SPOKES VOL. LXIV NO. 19                                                                               November 14, 2017
Our Greeters this morning consisted of Tom Rummel, Tony Martorano and Paul Hix (for a few minutes).
We opened our meeting with Pledge of Allegiance and Art Ayers offered our invocation. 
Our guests today included prospective member Dan Thompson and our friend Don Shook.
There was no spotlight today, but President Renner but on each table were the results of our recent survey for members to see.  The Board will discuss the survey results this month and report back to the club any actions that are taken as a result of the survey results.
Jim Davis was our song leader again this morning, assisted by Larry Wittkop and Dottie.  We began with "If You Knew Susie" which is the title of a popular song from the 1920s written by Buddy DeSylva and Joseph Meyer.  In the largely comic song, a man sings that he knows a certain woman named Susie to be much wilder and more passionate than most people realize.  We followed that with “Let a Smile be Your Umbrella”.  Famous DJ Joey Reynolds's autobiography is titled Let a Smile Be Your Umbrella, but Don't Get a Mouthful of Rain.  We finished with “Roll Rotary, Roll”.
  • Snowbirds are reminded to let Bob Straits and Rhonda know when you will be gone and to take care of your financial arrangements prior to leaving.
  • Members are encouraged to move around each week so you get to know your fellow Rotarians, especially new members.
  • Our next Blessings in a Backpack work session is scheduled for Thursday, December 1st at 1:30PM.   Let Rhonda know if you will be able to help.
  • Our Christmas Party has been scheduled for Tuesday, December 12th at Hawkshead.  Please put this date on your calendar.  A sign up list has been passed around.
  • Next week’s meeting will be at South Haven High School.  Please park in front of the building and enter through the main door (Easternmost).
  • Our first Thursday night supper is this week.  Volunteers needed!
Paul Hix hit the jackpot this week with the right ticket and drawing the right card.  Later in the meeting he donated his winnings back to the club.  Don Hodgman won the $2 prize.
  • Bob Copping celebrated the birthday of his daughter Robin and, after a good deal of negotiation, celebrated with a Ludington style birthday song..
  • There were several wishes of good luck to the MSU Men’s basketball team.  Misguided wishes as it turned out.
  • Larry Wittkop was pleased with the men’s soccer team from WMU for their conference championship and entry in the NCAA tournament.
  • Tom Fleming reminded us that it is Big 10 Tuesday at local Shell stations this week if you have a fuel rewards card.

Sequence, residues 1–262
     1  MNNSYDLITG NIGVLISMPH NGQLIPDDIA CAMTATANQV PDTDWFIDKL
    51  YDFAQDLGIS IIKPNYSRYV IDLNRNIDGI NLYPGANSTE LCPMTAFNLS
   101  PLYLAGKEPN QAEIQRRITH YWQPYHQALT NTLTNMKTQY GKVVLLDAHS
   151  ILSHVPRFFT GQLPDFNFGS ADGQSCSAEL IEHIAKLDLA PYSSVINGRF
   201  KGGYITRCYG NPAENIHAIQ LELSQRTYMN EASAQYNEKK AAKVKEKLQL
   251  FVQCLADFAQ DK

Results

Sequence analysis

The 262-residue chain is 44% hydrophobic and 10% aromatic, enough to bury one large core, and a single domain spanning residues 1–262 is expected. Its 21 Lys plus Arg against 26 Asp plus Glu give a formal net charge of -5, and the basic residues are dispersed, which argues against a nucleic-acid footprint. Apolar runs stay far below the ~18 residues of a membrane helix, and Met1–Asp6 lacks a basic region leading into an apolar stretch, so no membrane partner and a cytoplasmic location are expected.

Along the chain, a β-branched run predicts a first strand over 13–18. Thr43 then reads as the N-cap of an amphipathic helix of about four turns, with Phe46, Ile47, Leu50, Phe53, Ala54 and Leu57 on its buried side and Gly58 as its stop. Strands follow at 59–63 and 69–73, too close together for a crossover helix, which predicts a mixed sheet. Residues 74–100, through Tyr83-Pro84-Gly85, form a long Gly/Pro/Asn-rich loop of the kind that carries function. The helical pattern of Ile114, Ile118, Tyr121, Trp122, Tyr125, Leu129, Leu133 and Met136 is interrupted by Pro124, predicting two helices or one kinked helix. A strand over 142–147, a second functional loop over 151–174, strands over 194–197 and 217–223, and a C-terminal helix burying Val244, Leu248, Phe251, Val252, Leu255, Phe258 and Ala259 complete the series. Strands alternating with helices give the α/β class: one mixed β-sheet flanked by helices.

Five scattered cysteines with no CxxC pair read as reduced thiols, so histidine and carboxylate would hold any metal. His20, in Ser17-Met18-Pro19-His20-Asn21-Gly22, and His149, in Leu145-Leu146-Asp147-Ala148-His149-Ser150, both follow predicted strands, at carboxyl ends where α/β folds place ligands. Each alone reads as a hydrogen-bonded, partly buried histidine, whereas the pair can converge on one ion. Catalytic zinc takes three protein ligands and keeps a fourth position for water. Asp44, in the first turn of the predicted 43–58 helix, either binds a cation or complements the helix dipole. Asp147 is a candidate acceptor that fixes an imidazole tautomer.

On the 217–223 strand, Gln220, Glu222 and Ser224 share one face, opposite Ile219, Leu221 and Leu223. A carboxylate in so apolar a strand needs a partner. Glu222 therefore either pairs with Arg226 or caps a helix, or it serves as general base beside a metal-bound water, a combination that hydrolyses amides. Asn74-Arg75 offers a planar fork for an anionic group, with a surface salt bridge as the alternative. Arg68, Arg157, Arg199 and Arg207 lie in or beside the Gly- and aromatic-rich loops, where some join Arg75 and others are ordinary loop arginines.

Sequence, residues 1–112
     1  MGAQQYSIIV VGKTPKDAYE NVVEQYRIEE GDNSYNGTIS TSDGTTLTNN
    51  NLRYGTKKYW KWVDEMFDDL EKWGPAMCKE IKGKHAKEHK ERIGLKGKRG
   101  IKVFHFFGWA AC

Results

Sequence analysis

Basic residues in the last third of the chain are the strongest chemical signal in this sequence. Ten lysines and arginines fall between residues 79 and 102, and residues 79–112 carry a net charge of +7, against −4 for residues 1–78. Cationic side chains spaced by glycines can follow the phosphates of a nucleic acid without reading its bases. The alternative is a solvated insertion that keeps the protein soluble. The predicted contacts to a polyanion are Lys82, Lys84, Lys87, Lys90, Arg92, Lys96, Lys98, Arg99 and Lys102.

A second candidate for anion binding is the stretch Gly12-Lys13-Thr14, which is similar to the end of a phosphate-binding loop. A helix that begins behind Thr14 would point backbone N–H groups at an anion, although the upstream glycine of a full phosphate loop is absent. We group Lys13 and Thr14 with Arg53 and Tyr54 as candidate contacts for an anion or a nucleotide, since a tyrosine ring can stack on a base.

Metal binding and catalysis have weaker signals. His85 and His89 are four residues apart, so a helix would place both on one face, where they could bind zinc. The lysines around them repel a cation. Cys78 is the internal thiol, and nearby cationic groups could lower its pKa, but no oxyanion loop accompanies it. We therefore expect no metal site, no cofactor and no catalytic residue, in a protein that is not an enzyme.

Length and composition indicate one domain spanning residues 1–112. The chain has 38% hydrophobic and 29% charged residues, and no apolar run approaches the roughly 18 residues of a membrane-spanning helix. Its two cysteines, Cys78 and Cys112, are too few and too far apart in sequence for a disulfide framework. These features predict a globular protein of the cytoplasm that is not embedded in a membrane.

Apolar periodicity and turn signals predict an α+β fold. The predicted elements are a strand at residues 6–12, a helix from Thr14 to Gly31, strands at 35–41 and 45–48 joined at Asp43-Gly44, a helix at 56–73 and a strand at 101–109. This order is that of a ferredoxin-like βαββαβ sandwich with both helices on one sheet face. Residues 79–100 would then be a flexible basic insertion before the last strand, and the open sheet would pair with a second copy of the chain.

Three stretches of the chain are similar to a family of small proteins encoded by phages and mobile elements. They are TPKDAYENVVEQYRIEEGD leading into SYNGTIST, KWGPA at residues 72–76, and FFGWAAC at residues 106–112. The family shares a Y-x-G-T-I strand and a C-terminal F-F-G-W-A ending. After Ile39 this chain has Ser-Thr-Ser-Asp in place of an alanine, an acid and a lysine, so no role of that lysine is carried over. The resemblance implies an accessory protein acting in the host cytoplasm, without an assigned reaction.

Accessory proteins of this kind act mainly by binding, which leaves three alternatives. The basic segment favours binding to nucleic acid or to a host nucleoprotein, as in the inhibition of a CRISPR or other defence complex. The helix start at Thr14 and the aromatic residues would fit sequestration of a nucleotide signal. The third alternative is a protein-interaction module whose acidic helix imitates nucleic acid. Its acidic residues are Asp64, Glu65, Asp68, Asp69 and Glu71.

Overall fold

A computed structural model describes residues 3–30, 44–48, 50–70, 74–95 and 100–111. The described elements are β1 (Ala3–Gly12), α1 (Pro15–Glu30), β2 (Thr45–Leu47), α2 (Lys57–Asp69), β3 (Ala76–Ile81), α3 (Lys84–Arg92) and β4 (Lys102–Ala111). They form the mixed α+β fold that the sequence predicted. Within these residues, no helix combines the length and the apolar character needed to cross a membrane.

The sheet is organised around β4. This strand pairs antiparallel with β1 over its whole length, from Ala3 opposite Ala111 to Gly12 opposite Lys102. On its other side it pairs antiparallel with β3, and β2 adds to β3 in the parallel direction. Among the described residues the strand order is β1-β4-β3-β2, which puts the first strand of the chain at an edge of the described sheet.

• Glenn Peitenpol was partly happy today, suffering from bridge and ND losses, but happy for the Packers.
President Renner introduced our speaker, our own Steve Larsen.
Steve reviewed some history of senior living construction.He indicated that while proper design and construction is important, the most critical part is for the management to hire people who care.
Steve talked about the levels of senior living.The simplest is just senior apartments, with no special accommodations other than age appropriate facilities and possibly activities.
These are often coupled with Independent living facilities that include things like spas and theaters as part of the amenities.
Assisted living is the next level where help is available for specific concerns and care needs of the resident.These facilities often include many amenities.Steve highlighted that food is a big deal at these facilities, with low fat, organic food a key factor.
Often Assisted living facilities include memory care units.These units typically have smaller rooms, are more intimate and involve a heavy use of IT to keep track of residents.They even have badges that automatically lock doors when approached by a resident who is not supposed to be allowed through.
The highest level of care is a nursing home that provides nearly full time nursing care for seriously ill or injured patients.
Steve also mentioned that home health care is a popular optionbut once a patients requires more than 2 -4 hours of care, assisted living is probably a better option.
Adult day care is a possibility but works best as relief for caretakers.
Typically, assisted living costs about $39,000 per person per year, although costs in Michigan are a little less expensive.
Steve listed who typically pays for this kind of care, including private pay, Long term care insurance (although you need to check your policy to see what kinds of care it covers), Social Security, V A Aide, Life Insurance, Bridge loans and even a tax deduction for children.The average stay in these kinds of facilities is 2.3 years and begins about age 83.
Tom presented Steve with one of our speaker’s gifts and thanked him for presenting.
We closed the meeting with the Rotary Four Way Test.
Next week’s program: Tour of the newly renovated South Haven High School
Next week’s Greeters:  Bob Herrera and Kathy Brickley
Editarian:  Dene Hadden